I’m young, I don’t need transfusions, I’m not transfusion dependent, I don’t have any other co-morbidities, right? I’m young enough. I'm only 43, so I'm not diabetic, I don’t have high blood pressure. I don’t have anything else. I’ve had my heart checked out, my lungs checked out, and I’m absolutely perfectly healthy. That’s the time when your body is the strongest, that you’re going to do a transplant, and you know you’re going to have to do it sooner or later, I’m choosing to do it sooner.

Dr. Verstovsek:

If I may, there are so many good points here that you summarized, and just to touch upon one by one, the number one is that there is no medication, as you pointed out properly, that would prevent progression of acute myeloid leukemia. JAK inhibitors or any other therapies are here to control the disease to the best of our ability, for whatever they do, in terms of the spleen symptoms or anemia, but none of them has been shown to prevent progression of myeloid leukemia. So that risk stays with the patient, even though they might feel better and have a smaller spleen.

The second point is, the mutation number is so high, and some of them are known to be of prognostical importance, in other ways, once the baby cells acquire that mode, that they are changing as they multiply, and they already went from one to five, their likelihood is that there will be 10 or 15, that the trend will continue. So it is reasonable to interrupt it with elimination of the disease, and replacing it with healthy bone marrow now, when, point number three, you are in excellent shape. You’re not suffering from the disease. You can sustain the transplant and the change, so going through the transplant for you in a safe way are much better.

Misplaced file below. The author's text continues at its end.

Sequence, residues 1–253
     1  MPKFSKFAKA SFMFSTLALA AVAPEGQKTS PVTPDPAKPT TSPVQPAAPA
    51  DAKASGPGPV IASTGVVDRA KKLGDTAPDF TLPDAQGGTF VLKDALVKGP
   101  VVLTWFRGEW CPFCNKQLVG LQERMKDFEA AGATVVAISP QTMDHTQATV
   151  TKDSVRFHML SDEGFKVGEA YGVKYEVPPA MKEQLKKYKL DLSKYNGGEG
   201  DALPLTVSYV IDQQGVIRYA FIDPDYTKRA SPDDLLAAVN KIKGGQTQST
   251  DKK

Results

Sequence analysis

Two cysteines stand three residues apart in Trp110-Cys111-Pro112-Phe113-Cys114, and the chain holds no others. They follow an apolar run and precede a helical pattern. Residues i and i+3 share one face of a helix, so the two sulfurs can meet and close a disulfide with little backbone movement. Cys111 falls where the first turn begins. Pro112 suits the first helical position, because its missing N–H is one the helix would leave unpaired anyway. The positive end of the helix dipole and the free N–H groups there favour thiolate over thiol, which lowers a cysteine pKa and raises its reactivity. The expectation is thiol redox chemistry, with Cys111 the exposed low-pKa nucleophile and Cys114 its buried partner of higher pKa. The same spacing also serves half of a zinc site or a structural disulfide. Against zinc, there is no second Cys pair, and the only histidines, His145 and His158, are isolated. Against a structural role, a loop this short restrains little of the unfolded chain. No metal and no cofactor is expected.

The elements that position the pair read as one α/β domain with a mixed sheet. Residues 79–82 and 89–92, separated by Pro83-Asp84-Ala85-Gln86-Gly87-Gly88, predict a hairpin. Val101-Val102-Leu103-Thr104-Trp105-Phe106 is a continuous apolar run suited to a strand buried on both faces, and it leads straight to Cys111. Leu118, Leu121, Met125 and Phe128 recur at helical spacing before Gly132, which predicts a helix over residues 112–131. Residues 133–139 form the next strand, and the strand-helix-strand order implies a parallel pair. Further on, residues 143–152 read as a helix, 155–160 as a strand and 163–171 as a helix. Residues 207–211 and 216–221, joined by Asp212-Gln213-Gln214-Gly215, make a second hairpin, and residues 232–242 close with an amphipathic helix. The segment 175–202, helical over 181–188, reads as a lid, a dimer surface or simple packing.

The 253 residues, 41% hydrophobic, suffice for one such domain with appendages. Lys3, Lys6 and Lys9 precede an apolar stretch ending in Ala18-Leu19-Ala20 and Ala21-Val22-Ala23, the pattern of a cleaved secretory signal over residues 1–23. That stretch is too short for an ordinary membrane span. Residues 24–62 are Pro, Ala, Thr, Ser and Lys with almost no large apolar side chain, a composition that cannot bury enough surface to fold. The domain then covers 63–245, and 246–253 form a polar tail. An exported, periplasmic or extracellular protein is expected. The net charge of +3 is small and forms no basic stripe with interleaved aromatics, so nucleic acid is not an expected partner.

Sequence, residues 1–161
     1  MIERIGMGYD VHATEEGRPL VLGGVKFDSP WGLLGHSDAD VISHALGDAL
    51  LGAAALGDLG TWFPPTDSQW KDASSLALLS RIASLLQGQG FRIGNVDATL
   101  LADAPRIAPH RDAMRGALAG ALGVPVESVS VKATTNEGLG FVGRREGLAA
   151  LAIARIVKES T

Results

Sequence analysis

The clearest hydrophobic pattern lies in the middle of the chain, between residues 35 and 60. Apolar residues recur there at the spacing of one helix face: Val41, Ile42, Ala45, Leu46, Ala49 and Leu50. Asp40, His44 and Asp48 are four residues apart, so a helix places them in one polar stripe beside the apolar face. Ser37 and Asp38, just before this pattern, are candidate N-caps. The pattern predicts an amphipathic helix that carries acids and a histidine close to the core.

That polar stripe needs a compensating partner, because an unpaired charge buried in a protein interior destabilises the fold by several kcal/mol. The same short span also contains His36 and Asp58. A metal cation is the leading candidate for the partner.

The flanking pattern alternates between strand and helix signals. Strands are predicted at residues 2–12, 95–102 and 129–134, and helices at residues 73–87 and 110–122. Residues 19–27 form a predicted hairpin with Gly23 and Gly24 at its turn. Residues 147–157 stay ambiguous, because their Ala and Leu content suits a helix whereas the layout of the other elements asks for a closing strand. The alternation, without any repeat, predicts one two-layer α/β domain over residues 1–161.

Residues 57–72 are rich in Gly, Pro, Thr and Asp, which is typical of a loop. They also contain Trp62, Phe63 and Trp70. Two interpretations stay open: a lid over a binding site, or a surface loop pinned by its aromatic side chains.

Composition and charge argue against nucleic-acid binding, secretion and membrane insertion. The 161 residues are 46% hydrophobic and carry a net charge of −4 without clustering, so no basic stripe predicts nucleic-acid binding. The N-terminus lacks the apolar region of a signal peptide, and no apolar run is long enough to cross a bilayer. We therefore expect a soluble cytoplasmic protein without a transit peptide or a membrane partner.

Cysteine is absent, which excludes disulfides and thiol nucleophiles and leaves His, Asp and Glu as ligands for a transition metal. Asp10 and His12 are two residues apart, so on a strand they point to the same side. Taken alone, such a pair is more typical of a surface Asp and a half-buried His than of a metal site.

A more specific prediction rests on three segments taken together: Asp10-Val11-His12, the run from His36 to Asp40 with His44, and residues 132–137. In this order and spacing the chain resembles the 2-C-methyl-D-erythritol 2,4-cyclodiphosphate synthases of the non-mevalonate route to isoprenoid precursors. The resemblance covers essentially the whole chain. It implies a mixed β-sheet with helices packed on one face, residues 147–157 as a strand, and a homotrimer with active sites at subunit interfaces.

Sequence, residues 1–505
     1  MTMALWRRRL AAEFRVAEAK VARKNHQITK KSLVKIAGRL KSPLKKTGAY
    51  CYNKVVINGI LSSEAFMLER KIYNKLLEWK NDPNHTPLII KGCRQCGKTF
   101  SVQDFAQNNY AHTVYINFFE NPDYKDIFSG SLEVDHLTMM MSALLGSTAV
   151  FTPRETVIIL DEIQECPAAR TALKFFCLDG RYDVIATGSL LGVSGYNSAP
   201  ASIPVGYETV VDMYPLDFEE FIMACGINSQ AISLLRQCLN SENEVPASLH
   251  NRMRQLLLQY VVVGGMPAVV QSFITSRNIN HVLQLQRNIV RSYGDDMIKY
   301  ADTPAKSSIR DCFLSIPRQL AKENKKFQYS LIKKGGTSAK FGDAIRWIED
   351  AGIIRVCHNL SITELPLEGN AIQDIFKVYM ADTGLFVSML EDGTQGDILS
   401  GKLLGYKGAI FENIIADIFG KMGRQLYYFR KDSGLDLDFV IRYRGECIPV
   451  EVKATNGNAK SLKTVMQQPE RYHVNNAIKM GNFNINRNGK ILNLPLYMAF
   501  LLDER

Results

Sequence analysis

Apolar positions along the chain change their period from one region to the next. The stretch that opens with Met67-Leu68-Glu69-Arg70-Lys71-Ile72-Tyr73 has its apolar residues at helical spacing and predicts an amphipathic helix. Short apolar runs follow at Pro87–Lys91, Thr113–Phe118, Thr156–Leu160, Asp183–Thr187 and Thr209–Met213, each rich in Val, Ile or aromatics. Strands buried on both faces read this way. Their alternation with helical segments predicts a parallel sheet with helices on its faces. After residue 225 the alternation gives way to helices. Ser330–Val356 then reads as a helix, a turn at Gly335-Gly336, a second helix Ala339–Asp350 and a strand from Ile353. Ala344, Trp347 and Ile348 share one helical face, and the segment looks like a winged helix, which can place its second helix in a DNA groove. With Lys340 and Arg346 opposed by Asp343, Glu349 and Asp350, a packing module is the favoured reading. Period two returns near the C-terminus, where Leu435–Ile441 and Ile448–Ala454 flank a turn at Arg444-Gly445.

Please remember the opinions expressed on Patient Power are not necessarily the views of our sponsors, contributors, partners or Patient Power. Our discussions are not a substitute for seeking medical advice or care from your own doctor. That’s how you’ll get care that’s most appropriate for you.

Related Programs

Following MPN Disease Evolution: A Patient-Physician Approach to Monitoring Change and Adjusting Treatment Plans

Dr. Srdan Verstovsek and patient advocate Samantha Trahan give insight into a teamwork approach to MPN care. Watch as they discuss prognostic markers, MPN progression and more.

Published:

How Do Stem Cell Transplants Work to Treat Myelofibrosis?

How does a stem cell transplant cure myelofibrosis? Watch as MPN expert Dr. Joseph Scandura explains transplant effects level and potential treatment side effects.

Published:

What Treatments Are Available If Myelofibrosis Progresses to AML?

How many MPN patients go on to develop secondary AML? What medicines are offered to treat it? Dedicated researcher Dr. Naval Daver explains what percentage of myelofibrosis patients typically progress to AML, treatment options and patient response. Watch now to find out more.

Published:

Advertisement
Join Our Community Register for Events Read Our Latest Blog
Advertisement

Page last updated on April 23, 2019